The Man Camp Dialogues

Last year the inestimable Bret Weber and the local icon Tom Isern co-wrote a North Dakota Humanities Council grant to support a series of conversations in communities across western North Dakota about workforce housing. 

The first stop will be Killdeer, ND where I’ll be joined by Emily Guerin, Richard Rothaus, and Tom Isern in our first “Man Camp Dialogue.” This is particularly fitting because Killdeer has had some interesting press lately about their efforts to adapt to new housing needs.

Tom Isern and I were on Prairie Public Radio’s Main Street on Monday talking about our project.

If you’re planning to attend the forum of want to read more about it, we’ve published a short study guide which you can download here or purchase in paper here.

The good folks at the Dunn County Historical Society have also provided us with a great press release which I’ve included below:

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RESIDENTS INVITED TO MARCH 8 MAN CAMP PUBLIC FORUM:

Be part of the community conversation! Hear what your neighbors have to say!

March 2, 2015 (Killdeer, ND)—The Dunn County Historical Society welcomes scholars from the University of North Dakota’s Man Camp Project to the High Plains Cultural Center in Killdeer on Sunday, March 8, 1 – 3 p.m. Researchers will share findings from a two-year study on the temporary housing systems that have sprung up throughout western North Dakota to shelter Oil Patch workers. As part of the public forum, officially known as “The Man Camp Dialogues,” audience members are invited to ask questions and share observations. Panelists include Project Research Associate Dr. Richard M. Rothaus; Co-Primary Investigator William Caraher and Emily Guerin, Inside Energy’s North Dakota reporter. 

“The North Dakota Man Camp Project has reached the point in development when it is ready to engage in conversations to generate more questions and more insights,” said Public Forum Project Leader Tom Isern. “We encourage the voices of those directly living the history of the Boom. Everyone is welcome to contribute.”

Man camp research shows similarities to towns and state’s historical agricultural and settlement patterns Rothaus and Caraher have been touring man camps and documenting observations about the camps’ environments. Some of their findings have been surprising, considering the often underpopulated and underserved areas where the man camps are built.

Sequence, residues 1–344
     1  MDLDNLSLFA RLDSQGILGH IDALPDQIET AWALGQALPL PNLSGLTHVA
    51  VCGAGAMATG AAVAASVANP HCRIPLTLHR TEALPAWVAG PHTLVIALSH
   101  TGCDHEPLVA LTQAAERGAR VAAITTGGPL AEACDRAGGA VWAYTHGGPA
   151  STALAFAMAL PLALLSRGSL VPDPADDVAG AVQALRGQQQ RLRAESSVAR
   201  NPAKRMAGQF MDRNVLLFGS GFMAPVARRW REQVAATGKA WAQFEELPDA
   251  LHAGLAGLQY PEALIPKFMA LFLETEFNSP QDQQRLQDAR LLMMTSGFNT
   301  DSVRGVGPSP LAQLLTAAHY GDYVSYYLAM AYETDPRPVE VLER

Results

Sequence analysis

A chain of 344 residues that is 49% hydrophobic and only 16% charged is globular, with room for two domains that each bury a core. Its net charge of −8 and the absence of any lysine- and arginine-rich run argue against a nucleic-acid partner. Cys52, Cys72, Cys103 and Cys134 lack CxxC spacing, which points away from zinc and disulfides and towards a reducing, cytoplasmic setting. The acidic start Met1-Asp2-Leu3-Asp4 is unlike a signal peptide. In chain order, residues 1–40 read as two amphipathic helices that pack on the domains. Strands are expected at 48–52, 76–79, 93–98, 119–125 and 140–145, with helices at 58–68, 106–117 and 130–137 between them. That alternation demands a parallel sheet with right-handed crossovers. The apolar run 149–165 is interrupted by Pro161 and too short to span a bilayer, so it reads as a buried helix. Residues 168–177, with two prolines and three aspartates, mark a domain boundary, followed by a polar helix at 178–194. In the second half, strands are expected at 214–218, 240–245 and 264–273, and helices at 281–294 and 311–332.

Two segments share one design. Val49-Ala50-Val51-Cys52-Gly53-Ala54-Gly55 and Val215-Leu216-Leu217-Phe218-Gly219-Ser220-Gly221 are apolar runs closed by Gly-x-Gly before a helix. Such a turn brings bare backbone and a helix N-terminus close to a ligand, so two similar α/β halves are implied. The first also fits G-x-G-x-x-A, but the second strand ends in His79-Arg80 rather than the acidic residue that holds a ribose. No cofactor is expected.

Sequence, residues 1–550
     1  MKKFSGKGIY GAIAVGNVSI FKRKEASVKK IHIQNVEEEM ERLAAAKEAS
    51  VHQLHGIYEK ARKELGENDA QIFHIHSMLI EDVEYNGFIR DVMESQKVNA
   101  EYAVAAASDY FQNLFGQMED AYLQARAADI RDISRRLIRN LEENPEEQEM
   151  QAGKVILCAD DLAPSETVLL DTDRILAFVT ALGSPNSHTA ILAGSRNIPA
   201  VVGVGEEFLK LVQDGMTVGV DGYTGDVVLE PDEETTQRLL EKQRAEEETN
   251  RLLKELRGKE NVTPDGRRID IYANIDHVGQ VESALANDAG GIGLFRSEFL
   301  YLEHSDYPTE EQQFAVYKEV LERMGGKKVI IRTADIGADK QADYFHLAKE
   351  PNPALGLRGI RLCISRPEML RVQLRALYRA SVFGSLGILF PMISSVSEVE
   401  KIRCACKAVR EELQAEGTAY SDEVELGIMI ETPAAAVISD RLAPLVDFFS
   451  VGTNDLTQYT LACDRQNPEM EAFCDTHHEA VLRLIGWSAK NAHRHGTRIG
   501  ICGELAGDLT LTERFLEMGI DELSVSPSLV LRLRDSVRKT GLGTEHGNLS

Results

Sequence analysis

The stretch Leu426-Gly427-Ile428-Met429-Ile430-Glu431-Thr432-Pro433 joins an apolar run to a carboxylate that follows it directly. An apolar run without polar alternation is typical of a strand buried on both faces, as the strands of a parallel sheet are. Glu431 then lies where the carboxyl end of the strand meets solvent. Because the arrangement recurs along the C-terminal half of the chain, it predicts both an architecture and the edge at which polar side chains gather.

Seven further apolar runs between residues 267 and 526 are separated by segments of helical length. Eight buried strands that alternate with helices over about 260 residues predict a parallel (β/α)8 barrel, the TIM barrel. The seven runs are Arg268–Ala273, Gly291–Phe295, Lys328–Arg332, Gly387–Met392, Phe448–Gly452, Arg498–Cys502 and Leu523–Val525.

“Overall, they are pretty clean,” said Rothaus. “Not as clean as I would keep my yard, and there are a few bad neighbors who are terrible slobs, but the camps are as clean as one can expect from people working long hours with irregular services. The big camps, like Capital Lodge, are spotless.”

Many man camps resemble other, if less temporary, communities in North Dakota. “I think people will be surprised to think about how temporary workforce housing sites are similar to small towns, suburban subdivisions or even small cities that dot the landscape both here in North Dakota and across the United States,” said Caraher. “The immediate impression of workforce housing might be different, but once we peel back some stereotypes and look at what folks are really trying to do in these settlements, we’ll begin to see that things are more similar than different.”

The Bakken Boom may encompass the largest and most dramatic industrial oil and gas activity that many North Dakotans have witnessed and lived through. But, said researchers, crew camps have always played a role in settling and developing the country, especially in the 19th-century American West.